Proceedings of the 6th Annual British Columbia Mine Reclamation Symposium in Vernon, BC, 1982. The Technical and Research Committee on Reclamation  MANAGING ENVIRONMENTAL REQUIREMENTS FOR NEW MINE DEVELOPMENTS IN BRITISH COLUMBIA Paper Presented by R.A. Hawes Norecol Environmental Consultants Ltd. J.W. Gadsby Thurber Consultants Ltd.                              41 Proceedings of the 6th Annual British Columbia Mine Reclamation Symposium in Vernon, BC, 1982. The Technical and Research Committee on Reclamation  MANAGING ENVIRONMENTAL REQUIREMENTS FOR NEW MINE DEVELOPMENTS IN BRITISH COLUMBIA INTRODUCTION To develop new mines in British Columbia, or to undertake major mine expansions, environmental impact assessment reports and permit applica- tions are required for government approvals. Mining projects are probably the largest multi-disciplinary undertakings in B.C. Unlike many civil engineering projects, such as the construc- tion of highways and bridges, mine developments require a wide range of multi-disciplinary expertise from the exploration, construction and operational stages through to mine abandonment. Mine projects, because they tend to require large financial and human resources, and because they can impose potentially significant effects on the environment over a relatively long period of time, have developed special environmental requirements in B.C. Often these requirements are more stringent than those found in other industries. It is generally recognized in the mining industry that environmental approvals can impose significant hurdles. The process of obtaining approvals can lead to long and costly delays or even abandonment of some potential mining ventures. The manager responsible for mine development must be concerned about how to design and schedule the environmental studies to meet regulatory requirements. This is often not an easy task. The present guidelines process for B.C. mine developments has been designed to ensure that projects are technically acceptable and can be supported by the government and the general public. However, to the mine manager the guidelines process often is confusing, time consuming, and costly. It does not provide for effective integration of the engineering, environmental and project decision-making processes that are ongoing to bring the mine into production. Furthermore, bureau- cratic confusion and lack of concensus by the review agencies often make it difficult and time-consuming to determine the project study para- meters necessary to meet government requirements. Another major problem with the guidelines is that they don't incorporate the political component into the decision-making process. The guide- 43 Proceedings of the 6th Annual British Columbia Mine Reclamation Symposium in Vernon, BC, 1982. The Technical and Research Committee on Reclamation  lines are primarily technical in nature and tend to underplay the political issues. This creates a major unpredictable element in the approval process. Although public support or opposition to the project is not explicitly addressed, it may be a significant or even major component in obtaining project approval at the political level. As a result, a project may attempt to meet all the technical requirements even if there is very little political support and chance of approval for the project. To deal effectively with the British Columbia guidelines process, a properly designed strategy for managing the environmental studies is required. This strategy, which must incorporate elements of the environmental, engineering, corporate and government study and review processes, will help to minimize the time and study costs, and will greatly enhance the chance of achieving mining approvals. In this paper we outline the present stages and key steps in the environmental approval process. An outline of key management objectives are suggested to integrate the engineering, environmental and government guidelines processes. A summary of the key components in planning a successful environmental study program is provided. STAGES IN THE ENVIRONMENTAL REVIEW PROCESS The mining environmental review process is formalized around the Guide- lines for Coal Development (1976) and the Procedures for Obtaining Approval of Metal Mine Development (1979). These two guidelines are among the first attempts to officially coordinate an environmental review process for industrial development in British Columbia. An outline of the present environmental guidelines review process is shown in Figure 1. While Figure 1 is specific to coal mines/ the process is similar for metal mines. This figure updates present en- vironmental and engineering data requirements, which go from a broad general overview, based largely on available information, to detailed site specific engineering and ecological information for the impact assessment and permit components. Figure 1 shows that even with a well-designed study program, and as- suming that no significant environmental issues develop, it will take a 44 Proceedings of the 6th Annual British Columbia Mine Reclamation Symposium in Vernon, BC, 1982. The Technical and Research Committee on Reclamation   45 Proceedings of the 6th Annual British Columbia Mine Reclamation Symposium in Vernon, BC, 1982. The Technical and Research Committee on Reclamation  minimum of approximately 24 months from the submission of the Prospectus to the time of obtaining mining approvals. The submission of the Prospectus initiates identification of the project and formally enters the proposed development into the guidelines process. The Prospectus is sent to review agencies for their informa- tion, but no formal review process occurs. As this is not an official review stage, identification of environmental problems is not a major concern to government agencies. The Prospectus outlines the conceptual mine plan, size and type of deposits, project schedule and potential biophysical and socio-economic concerns. Stage I is the identification of the environmental and engineering problems stage. Stage I outlines baseline data, the preliminary mine development plan and alternatives, potential sources of environmental impacts and recommends detailed Stage II studies. The key to a good Stage I report is a conceptual mine layout and mining system which is conceptually, and from an engineering viewpoint, reliable. Based on the conceptual mine plan, major environmental concerns should be realisti- cally identified, both for the government (for their recommendations of relevant Stage II requirements) and for the company so that they can design appropriate study programs to meet Stage II requirements. The Stage I report goes to review agencies for comment and detailing of specific Stage II concerns and data requirements. The Stage I report is formally reviewed by the Coal Guidelines Steering Committee (CGSC) and review agencies. The Committee will coordinate the review agencies comments into recommended study programs and issues that should be addressed in the Stage II report. Alternatively, the Steering Committee could recommend rejection of the report due to insufficient project detail. It could also recommend project rejection to the Environment and Land Use Technical Committee (ELUTC) which makes repre- sentations to the Environment and Land Use Committee (ELUC) due to potentially serious environmental concerns. Stage II is the resolution of the environmental problems stage. Stage II is the critical step in obtaining project approval-in-principle. A detailed environmental impact assessment report is required which: details environmental parameters as specified in the Stage I review; details the mine plan, including transportation routes and mine infra- structure requirements; identifies environmental impacts and proposed 46 Proceedings of the 6th Annual British Columbia Mine Reclamation Symposium in Vernon, BC, 1982. The Technical and Research Committee on Reclamation  mitigation and impact management procedures; and outlines the proposed operational environmental studies and monitoring programs. Draft permit applications should also be submitted concurrently with the Stage II report. Stage II review can result in CGSC recommendations for: (1) government approval-in-principle, subject to permit acceptance; (2) rejection of the report and thus the project due to the need for additional work; or (3) rejection of the project. The CGSC could also comment directly to the company that there are significant data gaps and that they should be completed for Stage II approval. The Guidelines process ends with completion of the Stage II requirements. Normally some Stage II level deficiencies, identified in the Stage II review, will be required to be completed for the CGSC during Stage III. Stage III is the designation of the permit licences and conditions stage. Final engineering design and any Stage II data deficiencies must be completed and final determination of licence conditions made. Following approval of the licences the project can proceed. Major expansions of existing coal and metal mines are now reviewed in the guidelines review process. Required are: a modified identification of the problems level Phase 1 report, and a detailed Phase 2 impact assessment and management report. The Phase 2 report is expected to provide Stage II level information to address environmental concerns specific to the mine expansion that can not be covered by the normal issuing of permits. The guidelines process is currently undergoing formal review. The metal mines guidelines are expected to be revised in 1982, but the guidelines for coal mines may not be revised until early 1983. The revisions are not expected to result in major changes to the guidelines; rather they likely will formalize the presently accepted practices, such as project approval-in-principle at Stage II. 47 Proceedings of the 6th Annual British Columbia Mine Reclamation Symposium in Vernon, BC, 1982. The Technical and Research Committee on Reclamation  TAILORING ENVIRONMENTAL AND ENGINEERING STUDIES TO OBTAIN AGENCY APPROVALS The most common problems mine managers have in using the guidelines are: - to fully understand the review process - the complexity of the process, identifying critical decision points, identifying key agencies and committees; - understanding the scope and detail of engineering and environ mental data requirements at each stage; - understanding the time requirements for data collection and government review; - designing proper sequencing and integration of studies; and - understanding what approvals at each stage mean and the; limita- tions of these approvals. To deal with this complex environmental review process, produce a reliable mine design, and schedule and integrate the required multi- disciplinary components, a properly designed strategy for managing the studies is required. Developing the environmental management strategy requires the integration of key elements of the environmental, engineer- ing, and the corporate study processes with the guidelines review process. Figure 2 shows a flow chart for the exploration, engineering and financing of typical major mining projects.1 This figure shows the complexity of coordinating the multi-disciplinary team to bring a mine into operation. Critical points in the mine management decision process occur at the Order of Magnitude Study, Budget Estimate Study, and the Final Feasibil- ity Study. 1This flow chart is provided by kind permission of T.S. Hughes, Mining Consultant, Bank of Montreal, Vancouver, B.C. 48 Proceedings of the 6th Annual British Columbia Mine Reclamation Symposium in Vernon, BC, 1982. The Technical and Research Committee on Reclamation                      49 Proceedings of the 6th Annual British Columbia Mine Reclamation Symposium in Vernon, BC, 1982. The Technical and Research Committee on Reclamation  To develop the management objectives and strategy in order to effect- ively deal with the hurdles of environmental approvals, it is necesary to combine together the steps of the guidelines review process (Figure 1) with those of the mining flow chart (Figure 2). Figure 3 has been prepared to illustrate the integration of the key elements in the environmental, engineering and the guidelines process to assist in developing the management strategy. For submission of the Prospectus, mine management should have: - completed the detailed exploration stage studies which delineate the proposed site development, infrastructure requirements and the project schedule, - identified major environmental issues to be considered in engineering and financing feasibility studies, - selected key personnel for the management,  engineering and environmental study teams, and - initiated liaison with the government review agencies. During preparation of the Prospectus it may be prudent to initiate baseline studies which can be carried into the Stage I program. Such planning often saves valuable time, especially when seasonal data must be collected. The prime purpose of the Stage I studies is to identify potential environmental problems for the project. In order that a realistic Stage I report may be submitted mine management should: - provide a realistic conceptual mine plan which is reliable in engineering aspects.  Although the mine plan will be modified during the more detailed design stages, it should be reasonably similar to the final design, - identify major technical issues that could affect permits or be of concern to non-permitting agencies, 50 Proceedings of the 6th Annual British Columbia Mine Reclamation Symposium in Vernon, BC, 1982. The Technical and Research Committee on Reclamation                      51 Proceedings of the 6th Annual British Columbia Mine Reclamation Symposium in Vernon, BC, 1982. The Technical and Research Committee on Reclamation  - integrate key environmental concerns with the design of engineer- ing alternatives, - develop political support for the project. This may frequently require management to initiate and hold public meetings with special interest groups. The prime purpose of the Stage II report is for resolution of the problems identified in the earlier stages. The Stage II report should contain: - a detailed mine plan which will permit a thorough review of the project, - detailed baseline inventory information addressing areas of concern previously identified, - detailed impact assessments and planned mitigation and impact management procedures, - proposed Stage III level studies and monitoring programs. The Stage II report is the key report for project approval, and all important issues identified in the government review and liaison process should be addressed and dealt with prior to submitting the report.1 No major data gaps or surprises should occur during the formal report review. A major weakness of many Stage II reports is the lack of engineering detail. A comprehensive, reliable mine plan is required along with detailed engineering studies. Common problems in Stage II submissions are the result of the lack of engineering detail and the lack of environmental consideration in the final engineering design. Both aspects should be integrated as much as practical to produce a techni- cally sound and defensible Stage II report. As a guide, engineering inputs should be sufficiently detailed and advanced so that the company 1Tables 1 and 2 following this paper provide a list of the key govern- ment committees and agencies in the guidelines review process. 52 Proceedings of the 6th Annual British Columbia Mine Reclamation Symposium in Vernon, BC, 1982. The Technical and Research Committee on Reclamation  can file simultaneous draft permit applications (e.g. mine plan, waste water licence, reclamation plan) with the Stage II report. When the Stage II requirements are completed and approval-in-principle for the project has been achieved, the project moves out of the guide- lines process. Mine management will then deal on a one-to-one basis with the permitting agencies. ELEMENTS OF A SUCCESSFUL ENVIRONMENTAL MANAGEMENT STRATEGY Although the environmental impact assessment process is relatively new, it has become an established procedure which likely will remain with us for a long time. The present trend in mining impact assessment studies in British Columbia is clearly toward developing more stringent techni- cal requirements for virtually all study parameters. Review agencies are increasing staff numbers to deal with a broader range of concerns and are requiring more technical detail. Failure to deal effectively with the guidelines process will impose significant constraints on developing a successful mining venture. To obtain government approvals as quickly and efficiently as possible a specific environmental management strategy needs to be developed. Key elements in formulating this strategy are: - Plan sufficient time for the studies. A minimum of approximately two years is required for project approval, but more likely about three years will be needed.  Pushing study schedules due to unrealistic time requirements often leads to poor technical results, data gaps or poorly integrated studies which can result in increased delays and study costs. - Understand the guidelines process.  An appreciation is required of the complexities, uncertainties, hazards and critical decision points in the guidelines process. - Develop credibility.   Development of credibility and trust through good communication and a positive attitude will generate a favourable response in government and the community. - Maintain initiative.   Attempt to get approvals quickly and efficiently and avoid long delays in communication which can 53 Proceedings of the 6th Annual British Columbia Mine Reclamation Symposium in Vernon, BC, 1982. The Technical and Research Committee on Reclamation   54 create uncertainty. Maintaining good communication with review agencies will minimize the possibility for surprises in the review process and potential delays. - Develop sound technical programs.  Sound biophysical and socio- economic technical programs should be developed that at least meet present requirements.  It is likely that as the project develops, additional detail will be requested to address new problems or meet changing government requirements.  The programs should be flexible to deal with potential changes. ~ Integrate study processes. Environmental and engineering information needs to be integrated to provide a technically sound and defensible mining proposal. - Realistically evaluate potential environmental concerns.   The company should evaluate potential environmental constraints and concerns early in the review process as an aid to internal planning.  This will help accurately to assess funding levels required  to  develop  satisfactory  study  programs  and  will facilitate the early incorporation of acceptable solutions into the engineering design. Proceedings of the 6th Annual British Columbia Mine Reclamation Symposium in Vernon, BC, 1982. The Technical and Research Committee on Reclamation  ACKNOWLEDGEMENTS The authors greatly appreciate the encouragement and help received in preparation of this paper from: J.D. McDonald - Chairman, Guidelines Steering Committee, Ministry of Energy, Mines and Petroleum Resources. R.L. Crook - Guidelines Coordinator, Ministry of Energy, Mines and Petroleum Resources, Victoria. M. Galbraith - Ministry of Energy, Mines and Petroleum Resources. T.S. Hughes - Mining Consultant, Bank of Montreal, Vancouver. 55 Proceedings of the 6th Annual British Columbia Mine Reclamation Symposium in Vernon, BC, 1982. The Technical and Research Committee on Reclamation  Proceedings of the 6th Annual British Columbia Mine Reclamation Symposium in Vernon, BC, 1982. The Technical and Research Committee on Reclamation  Proceedings of the 6th Annual British Columbia Mine Reclamation Symposium in Vernon, BC, 1982. The Technical and Research Committee on Reclamation  Proceedings of the 6th Annual British Columbia Mine Reclamation Symposium in Vernon, BC, 1982. The Technical and Research Committee on Reclamation   Proceedings of the 6th Annual British Columbia Mine Reclamation Symposium in Vernon, BC, 1982. The Technical and Research Committee on Reclamation   Proceedings of the 6th Annual British Columbia Mine Reclamation Symposium in Vernon, BC, 1982. The Technical and Research Committee on Reclamation   Proceedings of the 6th Annual British Columbia Mine Reclamation Symposium in Vernon, BC, 1982. The Technical and Research Committee on Reclamation   DISCUSSION RELATING TO ROB HAWES' PAPER Neil Duncan, Energy Resources Conservation Board; In review committees of the government the only mention made of the public seems to be under Stage II where you say that developed political support may include public meetings. Is that the only opportunity for the public to actually have input of their concern on the scheme? What would your advice be to an applicant on how to present this to the public? Answer; The public does not have to be directly involved. When Stage II is submitted, reports are normally distributed to community, libraries, and public comments can be received through the Coal Guidelines Steering Committee. The steering committee encourages public meetings, but there are no formal hearings and normally formal public meetings are not required though many companies now, and some that are here today, are on their own initiative having public information meetings with the community. J.D. McDonald, MEMPR; Maybe I could just add to that Neil. There is no formal requirement in the stage process for hearings other than under the Pollution Control Act, the Water Management Act and the Environmental Land Use Act. Under the Pollution Control Act, and Water Management Act, if there are more than five objectors, then they can call a public hearing and of course the Environmental Land Use Committee under that Act can ask for a hearing. In Alberta you do have public hearings. I think at some point in time public hearings will be a formal requirement of the Guidelines process. Malcolm Ross, Crowsnest Resources; You mentioned environmental studies but at the end you mentioned socio-economic. Could you comment on the balance of the environmental impact on the physical environment and the socio-economic impact. 62 Proceedings of the 6th Annual British Columbia Mine Reclamation Symposium in Vernon, BC, 1982. The Technical and Research Committee on Reclamation  Answer; A socio-economic report is required as part of the Guidelines process. It's very thorough in addressing housing and labour demands on the local community: where the housing will be, the companies policy toward housing, hiring practices and labour training. Malcolm Ross, Crowsnest Resources; How does that fit in with the review process and with respect to a public hearing. Answer; They are submitted together and they go through the review process together, although they are reviewed by separate agencies and committees. Malcolm Ross, Crowsnest Resources; But there is no actual need for public input in the socio-economic studies? Answer, J. McDonald, MEMPR; There is no legal legislation or regulation to that effect under the Municipal Act. The Ministry of Municipal Affairs certainly reviews socio-economic studies because the Municipal Act takes into account what is required in the way of housing, labour force and what monies the government has to put in to upgrade the community. In the review process the municipality itself gets involved through municipal affairs. We've had cases where a decision between using a new town, or an existing town for a new mine development had to be made. The existing community certainly made its position known and it became a political de- cision, based on a lot of studies mind you, of what is best for the area. 63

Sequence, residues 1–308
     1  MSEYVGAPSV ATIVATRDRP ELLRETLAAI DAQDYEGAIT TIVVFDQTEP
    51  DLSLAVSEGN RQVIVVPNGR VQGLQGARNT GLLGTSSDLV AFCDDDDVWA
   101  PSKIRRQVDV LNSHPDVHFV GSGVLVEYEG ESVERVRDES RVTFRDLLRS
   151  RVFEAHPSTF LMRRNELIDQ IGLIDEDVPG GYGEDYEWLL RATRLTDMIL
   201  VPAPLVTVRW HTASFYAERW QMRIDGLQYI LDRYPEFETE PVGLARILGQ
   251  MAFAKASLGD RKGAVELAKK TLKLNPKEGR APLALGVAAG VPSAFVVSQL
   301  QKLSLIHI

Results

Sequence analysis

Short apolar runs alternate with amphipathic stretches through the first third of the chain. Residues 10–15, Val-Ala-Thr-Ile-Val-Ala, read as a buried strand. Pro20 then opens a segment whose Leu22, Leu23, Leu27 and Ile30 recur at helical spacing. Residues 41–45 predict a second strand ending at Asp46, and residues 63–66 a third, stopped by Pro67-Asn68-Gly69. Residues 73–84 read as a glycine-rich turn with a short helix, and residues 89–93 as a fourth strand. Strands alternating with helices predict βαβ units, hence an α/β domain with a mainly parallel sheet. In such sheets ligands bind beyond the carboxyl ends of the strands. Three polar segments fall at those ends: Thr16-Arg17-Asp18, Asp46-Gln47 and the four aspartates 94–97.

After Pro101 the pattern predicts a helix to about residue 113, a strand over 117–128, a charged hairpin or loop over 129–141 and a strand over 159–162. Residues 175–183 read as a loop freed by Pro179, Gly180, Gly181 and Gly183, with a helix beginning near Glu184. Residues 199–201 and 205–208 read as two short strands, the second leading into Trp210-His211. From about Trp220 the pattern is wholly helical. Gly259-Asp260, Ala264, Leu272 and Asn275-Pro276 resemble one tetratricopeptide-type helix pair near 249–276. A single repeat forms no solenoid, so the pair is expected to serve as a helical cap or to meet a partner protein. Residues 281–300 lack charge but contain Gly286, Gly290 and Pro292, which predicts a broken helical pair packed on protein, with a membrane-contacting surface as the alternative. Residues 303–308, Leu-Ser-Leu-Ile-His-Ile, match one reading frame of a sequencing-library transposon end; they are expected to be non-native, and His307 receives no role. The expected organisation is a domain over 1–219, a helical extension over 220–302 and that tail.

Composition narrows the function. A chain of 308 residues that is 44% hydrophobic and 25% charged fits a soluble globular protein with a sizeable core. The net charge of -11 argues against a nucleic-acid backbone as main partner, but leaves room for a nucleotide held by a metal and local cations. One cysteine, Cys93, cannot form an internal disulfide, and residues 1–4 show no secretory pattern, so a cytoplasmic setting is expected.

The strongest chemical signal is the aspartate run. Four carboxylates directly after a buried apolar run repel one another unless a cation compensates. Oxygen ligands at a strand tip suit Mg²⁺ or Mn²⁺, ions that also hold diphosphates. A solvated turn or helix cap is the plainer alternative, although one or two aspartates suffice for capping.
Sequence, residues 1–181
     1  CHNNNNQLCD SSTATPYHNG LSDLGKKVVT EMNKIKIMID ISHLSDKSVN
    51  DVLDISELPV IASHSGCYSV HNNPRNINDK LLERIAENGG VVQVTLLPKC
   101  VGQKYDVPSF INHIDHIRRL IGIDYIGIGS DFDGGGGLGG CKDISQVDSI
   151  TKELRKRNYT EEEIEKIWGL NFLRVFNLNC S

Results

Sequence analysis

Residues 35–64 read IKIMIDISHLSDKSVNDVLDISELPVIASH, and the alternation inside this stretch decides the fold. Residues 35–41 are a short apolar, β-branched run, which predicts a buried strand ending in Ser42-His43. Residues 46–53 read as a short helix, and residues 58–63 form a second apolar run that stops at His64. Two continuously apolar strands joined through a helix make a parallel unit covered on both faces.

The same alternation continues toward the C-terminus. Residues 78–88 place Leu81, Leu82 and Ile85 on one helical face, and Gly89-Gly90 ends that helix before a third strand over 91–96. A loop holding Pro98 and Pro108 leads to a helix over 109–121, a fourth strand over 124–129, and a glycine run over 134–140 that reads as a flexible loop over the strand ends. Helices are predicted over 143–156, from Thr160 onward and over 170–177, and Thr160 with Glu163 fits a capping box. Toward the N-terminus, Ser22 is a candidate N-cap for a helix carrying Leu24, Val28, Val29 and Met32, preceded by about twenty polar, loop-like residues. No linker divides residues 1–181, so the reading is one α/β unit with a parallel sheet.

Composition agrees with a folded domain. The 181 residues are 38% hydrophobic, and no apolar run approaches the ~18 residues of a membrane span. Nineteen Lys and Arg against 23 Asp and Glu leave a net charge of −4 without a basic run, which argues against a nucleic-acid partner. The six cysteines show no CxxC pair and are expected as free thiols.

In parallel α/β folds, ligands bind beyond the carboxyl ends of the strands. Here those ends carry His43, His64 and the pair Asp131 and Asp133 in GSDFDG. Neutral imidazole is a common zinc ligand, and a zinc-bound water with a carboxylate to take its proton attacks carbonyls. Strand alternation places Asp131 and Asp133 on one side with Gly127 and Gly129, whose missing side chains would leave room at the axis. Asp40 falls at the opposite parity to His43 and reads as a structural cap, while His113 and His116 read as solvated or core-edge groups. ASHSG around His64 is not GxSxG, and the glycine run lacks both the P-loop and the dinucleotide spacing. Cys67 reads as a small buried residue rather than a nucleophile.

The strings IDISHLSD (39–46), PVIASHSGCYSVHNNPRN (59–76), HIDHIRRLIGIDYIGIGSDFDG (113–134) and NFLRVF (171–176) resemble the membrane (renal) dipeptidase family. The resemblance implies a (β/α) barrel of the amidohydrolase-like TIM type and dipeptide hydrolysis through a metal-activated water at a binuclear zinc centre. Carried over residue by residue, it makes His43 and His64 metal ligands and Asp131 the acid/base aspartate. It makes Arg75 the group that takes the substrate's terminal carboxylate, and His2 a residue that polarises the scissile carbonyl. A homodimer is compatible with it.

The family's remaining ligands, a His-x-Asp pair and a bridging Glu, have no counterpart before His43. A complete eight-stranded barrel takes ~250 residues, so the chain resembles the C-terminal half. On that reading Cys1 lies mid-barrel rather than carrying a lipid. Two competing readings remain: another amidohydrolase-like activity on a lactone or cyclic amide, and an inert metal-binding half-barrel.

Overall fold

Cite

Citation Scheme:

    

Usage Statistics

Country Views Downloads
China 4 40
Japan 3 0
United States 2 0
Russia 1 0
City Views Downloads
Beijing 4 0
Tokyo 3 0
Unknown 2 0
Ashburn 1 0

{[{ mDataHeader[type] }]} {[{ month[type] }]} {[{ tData[type] }]}

Share

Share to:

Comment

Related Items